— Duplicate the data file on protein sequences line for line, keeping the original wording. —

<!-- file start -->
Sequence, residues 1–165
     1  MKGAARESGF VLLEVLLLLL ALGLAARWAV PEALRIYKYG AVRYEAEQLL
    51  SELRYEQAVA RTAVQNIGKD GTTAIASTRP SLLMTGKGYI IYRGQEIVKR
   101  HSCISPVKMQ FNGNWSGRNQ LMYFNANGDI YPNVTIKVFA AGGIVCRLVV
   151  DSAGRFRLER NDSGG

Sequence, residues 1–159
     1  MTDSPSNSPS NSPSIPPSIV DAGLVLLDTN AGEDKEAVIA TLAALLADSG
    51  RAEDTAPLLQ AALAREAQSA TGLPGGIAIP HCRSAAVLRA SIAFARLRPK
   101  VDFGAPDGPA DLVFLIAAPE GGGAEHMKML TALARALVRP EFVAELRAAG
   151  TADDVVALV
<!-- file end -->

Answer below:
Sequence, residues 1–165
     1  MKGAARESGF VLLEVLLLLL ALGLAARWAV PEALRIYKYG AVRYEAEQLL
    51  SELRYEQAVA RTAVQNIGKD GTTAIASTRP SLLMTGKGYI IYRGQEIVKR
   101  HSCISPVKMQ FNGNWSGRNQ LMYFNANGDI YPNVTIKVFA AGGIVCRLVV
   151  DSAGRFRLER NDSGG

Sequence, residues 1–159
     1  MTDSPSNSPS NSPSIPPSIV DAGLVLLDTN AGEDKEAVIA TLAALLADSG
    51  RAEDTAPLLQ AALAREAQSA TGLPGGIAIP HCRSAAVLRA SIAFARLRPK
   101  VDFGAPDGPA DLVFLIAAPE GGGAEHMKML TALARALVRP EFVAELRAAG
   151  TADDVVALV